November 29, 2021, 04:46:57 AM
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### Topic: Calculate the depth to which a balloon full of Kr must be pushed to make it sink  (Read 287 times)

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#### moreche28

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##### Calculate the depth to which a balloon full of Kr must be pushed to make it sink
« on: October 23, 2021, 10:29:23 AM »
Hello.

I've been struggling to solve the following problem. We have to calculate the depth (in m) to which a balloon full of Kr must be pushed underwater to make it sink to the bottom of the sea. It takes place at 25 degrees Celsius, we know that p (atm) = 101 325 Pa, density (of sea H2O) = 1.04 g/cm3, g = 9.81 m/s2 and the M (Kr) = 83,8 g/mol, and that Kr acts as an ideal gas.

Firstly, I've calculated the density of Kr ( = 3.74 g/dm3), and I know that the p (fluid) = ρ * h * g. Does anyone have any ideas about what to do next?

Thank you!

#### Orcio_Dojek

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##### Re: Calculate the depth to which a balloon full of Kr must be pushed to make it sink
« Reply #1 on: October 23, 2021, 12:18:38 PM »
Density of the Kr must be higher that density of the sea water. The higher pressure the higher density of the gas.

#### moreche28

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##### Re: Calculate the depth to which a balloon full of Kr must be pushed to make it sink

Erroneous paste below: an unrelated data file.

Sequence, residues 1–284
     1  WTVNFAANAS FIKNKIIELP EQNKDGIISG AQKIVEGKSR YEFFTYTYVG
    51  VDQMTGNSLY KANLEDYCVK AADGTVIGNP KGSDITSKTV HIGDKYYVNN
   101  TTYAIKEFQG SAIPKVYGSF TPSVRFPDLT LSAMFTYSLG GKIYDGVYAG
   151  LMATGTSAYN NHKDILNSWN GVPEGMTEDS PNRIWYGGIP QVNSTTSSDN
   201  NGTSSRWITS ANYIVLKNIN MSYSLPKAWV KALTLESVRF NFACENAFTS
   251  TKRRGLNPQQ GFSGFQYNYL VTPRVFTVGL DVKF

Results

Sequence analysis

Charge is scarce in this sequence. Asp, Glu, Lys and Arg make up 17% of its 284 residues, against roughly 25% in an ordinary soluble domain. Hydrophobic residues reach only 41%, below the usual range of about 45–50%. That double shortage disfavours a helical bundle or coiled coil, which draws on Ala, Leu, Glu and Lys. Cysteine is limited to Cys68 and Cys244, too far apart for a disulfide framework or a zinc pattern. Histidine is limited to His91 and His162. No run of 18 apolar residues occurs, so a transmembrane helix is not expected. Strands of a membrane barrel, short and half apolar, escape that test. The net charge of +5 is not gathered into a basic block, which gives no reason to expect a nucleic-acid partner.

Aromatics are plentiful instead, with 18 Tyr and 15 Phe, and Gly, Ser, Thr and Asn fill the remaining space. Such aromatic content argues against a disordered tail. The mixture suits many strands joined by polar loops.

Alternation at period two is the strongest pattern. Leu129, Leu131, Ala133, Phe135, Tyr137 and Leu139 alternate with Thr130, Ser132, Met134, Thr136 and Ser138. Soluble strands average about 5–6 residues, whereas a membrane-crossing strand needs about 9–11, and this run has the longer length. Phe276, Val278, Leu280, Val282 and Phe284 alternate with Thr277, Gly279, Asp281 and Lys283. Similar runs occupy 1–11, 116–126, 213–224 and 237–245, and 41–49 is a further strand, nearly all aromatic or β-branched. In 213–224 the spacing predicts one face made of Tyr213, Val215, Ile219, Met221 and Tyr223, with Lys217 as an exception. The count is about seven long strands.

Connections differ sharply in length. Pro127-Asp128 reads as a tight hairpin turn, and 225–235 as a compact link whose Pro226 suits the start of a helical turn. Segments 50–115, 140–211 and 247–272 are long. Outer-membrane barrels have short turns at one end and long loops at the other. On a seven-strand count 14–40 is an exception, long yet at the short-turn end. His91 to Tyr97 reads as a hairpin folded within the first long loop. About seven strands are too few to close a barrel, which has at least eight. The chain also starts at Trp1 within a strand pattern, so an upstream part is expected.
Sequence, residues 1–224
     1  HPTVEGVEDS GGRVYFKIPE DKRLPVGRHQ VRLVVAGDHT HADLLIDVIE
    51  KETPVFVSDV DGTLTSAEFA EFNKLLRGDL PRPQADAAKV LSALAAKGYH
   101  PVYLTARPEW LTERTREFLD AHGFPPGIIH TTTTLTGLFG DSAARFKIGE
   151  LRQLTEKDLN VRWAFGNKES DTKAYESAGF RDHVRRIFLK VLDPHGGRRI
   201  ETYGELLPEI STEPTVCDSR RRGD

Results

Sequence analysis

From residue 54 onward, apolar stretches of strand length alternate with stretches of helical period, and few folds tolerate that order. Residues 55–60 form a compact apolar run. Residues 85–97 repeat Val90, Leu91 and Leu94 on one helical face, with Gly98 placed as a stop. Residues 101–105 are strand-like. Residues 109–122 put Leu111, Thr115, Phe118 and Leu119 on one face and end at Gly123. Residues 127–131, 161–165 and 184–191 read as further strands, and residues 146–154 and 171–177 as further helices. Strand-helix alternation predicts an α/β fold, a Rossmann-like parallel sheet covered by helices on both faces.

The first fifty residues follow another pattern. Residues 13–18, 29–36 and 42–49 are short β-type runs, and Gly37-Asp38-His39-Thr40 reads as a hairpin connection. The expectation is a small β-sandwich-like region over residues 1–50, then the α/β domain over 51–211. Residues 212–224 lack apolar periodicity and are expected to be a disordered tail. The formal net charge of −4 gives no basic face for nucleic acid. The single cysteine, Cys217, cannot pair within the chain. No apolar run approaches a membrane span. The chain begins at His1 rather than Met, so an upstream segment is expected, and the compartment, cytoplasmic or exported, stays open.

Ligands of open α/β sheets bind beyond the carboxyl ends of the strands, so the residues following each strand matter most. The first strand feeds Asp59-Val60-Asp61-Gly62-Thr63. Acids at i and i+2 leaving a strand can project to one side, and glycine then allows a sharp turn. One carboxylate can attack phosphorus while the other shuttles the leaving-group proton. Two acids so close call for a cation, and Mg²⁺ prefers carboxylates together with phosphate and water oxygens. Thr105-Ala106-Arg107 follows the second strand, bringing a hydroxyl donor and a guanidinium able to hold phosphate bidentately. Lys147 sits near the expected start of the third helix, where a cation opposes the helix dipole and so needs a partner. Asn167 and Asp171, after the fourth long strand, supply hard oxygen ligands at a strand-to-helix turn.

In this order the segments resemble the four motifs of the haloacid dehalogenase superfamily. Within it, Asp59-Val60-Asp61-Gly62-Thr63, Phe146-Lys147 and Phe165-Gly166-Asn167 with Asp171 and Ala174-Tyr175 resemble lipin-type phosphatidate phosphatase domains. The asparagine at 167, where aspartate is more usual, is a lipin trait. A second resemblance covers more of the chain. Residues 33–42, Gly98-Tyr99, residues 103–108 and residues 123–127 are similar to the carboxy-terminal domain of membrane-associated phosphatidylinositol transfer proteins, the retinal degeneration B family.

« Reply #2 on: October 23, 2021, 12:39:53 PM »
Thank you. Hopefully, I've managed to solve it using the following equation: p1*V1 = p2*V2, and therefore: p1*V1 = ρ * h * g * (m/ρ) => p1*V1 = h * g * m. But how should I calculate the new density?

#### Orcio_Dojek

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##### Re: Calculate the depth to which a balloon full of Kr must be pushed to make it sink
« Reply #3 on: October 23, 2021, 12:50:37 PM »
Density of the Kr must be higher that density of the sea water (1,04 g/ml).

#### moreche28

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##### Re: Calculate the depth to which a balloon full of Kr must be pushed to make it sink
« Reply #4 on: October 23, 2021, 12:59:04 PM »
Yes, I've got this. But I'm not sure the equation is right.

#### Orcio_Dojek

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##### Re: Calculate the depth to which a balloon full of Kr must be pushed to make it sink
« Reply #5 on: October 23, 2021, 01:24:32 PM »
Density is the mass to the volume ratio (higher pressure decreases the volume).